But what makes an urban hike different from a walk around your neighborhood?
According to urban hiking pioneer Bob Inman in his book Finding Los Angeles by Foot it’s “about finding what is notable, historical, quizzical and beautiful … while walking. It is about learning and using pedestrian-ways where a car may not go.”
It’s applying the adventurous and curious spirit of hiking in unfamiliar wilderness to streets, sidewalks, alleyways, multi-use paths and even dirt trails within your city.
“An urban hike tends to be something that is less familiar to you,” Kitching says.
In her new guidebook on the subject, The Best Urban Hikes: Boulder, commissioned by the Colorado Mountain Club, Kitching details 22 urban hikes through Boulder, Longmont, Niwot, Lafayette, Louisville and Superior, highlighting the 265 miles of trails between city and county open space systems.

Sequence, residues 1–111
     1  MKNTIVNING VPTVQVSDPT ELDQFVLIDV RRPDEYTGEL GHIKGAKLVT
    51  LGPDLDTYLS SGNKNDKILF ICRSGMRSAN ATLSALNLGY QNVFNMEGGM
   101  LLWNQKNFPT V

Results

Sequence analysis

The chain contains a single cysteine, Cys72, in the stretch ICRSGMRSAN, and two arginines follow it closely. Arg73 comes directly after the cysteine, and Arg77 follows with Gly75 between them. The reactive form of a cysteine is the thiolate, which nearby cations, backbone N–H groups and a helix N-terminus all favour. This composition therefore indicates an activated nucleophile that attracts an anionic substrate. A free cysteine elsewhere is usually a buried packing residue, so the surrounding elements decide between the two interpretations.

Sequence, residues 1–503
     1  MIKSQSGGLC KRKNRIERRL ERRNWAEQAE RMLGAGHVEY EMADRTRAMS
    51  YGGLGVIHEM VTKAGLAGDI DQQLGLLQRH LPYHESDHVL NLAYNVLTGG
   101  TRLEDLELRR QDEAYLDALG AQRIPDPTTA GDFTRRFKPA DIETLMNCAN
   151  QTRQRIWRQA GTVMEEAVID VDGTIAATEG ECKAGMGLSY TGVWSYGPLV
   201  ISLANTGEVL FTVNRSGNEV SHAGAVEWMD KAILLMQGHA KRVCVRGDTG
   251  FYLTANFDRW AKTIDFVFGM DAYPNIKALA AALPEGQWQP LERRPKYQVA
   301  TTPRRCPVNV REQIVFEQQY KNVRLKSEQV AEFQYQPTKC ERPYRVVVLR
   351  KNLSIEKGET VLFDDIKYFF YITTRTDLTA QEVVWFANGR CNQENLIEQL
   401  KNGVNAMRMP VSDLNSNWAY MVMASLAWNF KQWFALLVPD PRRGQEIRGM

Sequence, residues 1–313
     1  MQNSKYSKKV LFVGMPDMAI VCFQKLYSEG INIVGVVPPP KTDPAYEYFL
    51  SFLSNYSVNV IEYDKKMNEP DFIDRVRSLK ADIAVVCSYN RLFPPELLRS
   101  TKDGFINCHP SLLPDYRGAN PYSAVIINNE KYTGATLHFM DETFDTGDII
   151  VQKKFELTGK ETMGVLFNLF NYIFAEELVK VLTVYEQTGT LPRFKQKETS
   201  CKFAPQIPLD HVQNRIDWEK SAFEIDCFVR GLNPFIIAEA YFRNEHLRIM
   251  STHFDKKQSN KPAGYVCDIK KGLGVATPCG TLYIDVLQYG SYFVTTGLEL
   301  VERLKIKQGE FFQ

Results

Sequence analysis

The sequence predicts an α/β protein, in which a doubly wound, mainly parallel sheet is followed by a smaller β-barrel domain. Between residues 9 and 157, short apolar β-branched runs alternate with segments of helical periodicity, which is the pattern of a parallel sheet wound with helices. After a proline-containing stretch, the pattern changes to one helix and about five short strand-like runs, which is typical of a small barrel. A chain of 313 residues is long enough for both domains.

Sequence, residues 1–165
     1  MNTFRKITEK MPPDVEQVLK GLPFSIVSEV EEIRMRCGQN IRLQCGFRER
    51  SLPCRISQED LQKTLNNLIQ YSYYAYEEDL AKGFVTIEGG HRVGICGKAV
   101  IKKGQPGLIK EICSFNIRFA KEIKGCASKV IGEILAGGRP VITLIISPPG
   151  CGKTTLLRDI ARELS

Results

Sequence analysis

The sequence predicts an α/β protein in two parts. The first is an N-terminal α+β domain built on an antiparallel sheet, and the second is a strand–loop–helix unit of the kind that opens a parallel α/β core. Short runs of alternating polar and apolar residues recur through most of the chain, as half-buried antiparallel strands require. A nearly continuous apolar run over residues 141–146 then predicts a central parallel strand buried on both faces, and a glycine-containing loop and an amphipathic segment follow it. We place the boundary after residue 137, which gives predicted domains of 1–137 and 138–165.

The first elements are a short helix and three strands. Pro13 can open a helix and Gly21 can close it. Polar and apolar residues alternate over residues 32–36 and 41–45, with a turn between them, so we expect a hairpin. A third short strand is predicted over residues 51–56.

Kitching grew up in Colorado and has hiked most her life, but with a background in urban planning, she’s also an “urban explorer,” someone who loves traveling, enthralled by the concept of place that defines most of our lives.
“In Colorado we all want to spend our weekends going up to the mountains and I did that too,” she says. “But we are all lucky to live anywhere in Colorado. So right now, I think [it’s about] learning to appreciate the views that you have at home.”
Along with the directive from the state, Boulder County has also encouraged people to avoid long travel for recreation throughout the coronavirus pandemic. Still, open space agencies along the Front Range are reporting that increased visitation has led to trail and natural resource damage as people often step or hike off trail to try to stay six feet apart from others. Additionally, trailheads and neighborhood access points have become overwhelmingly congested as people flock to open space areas.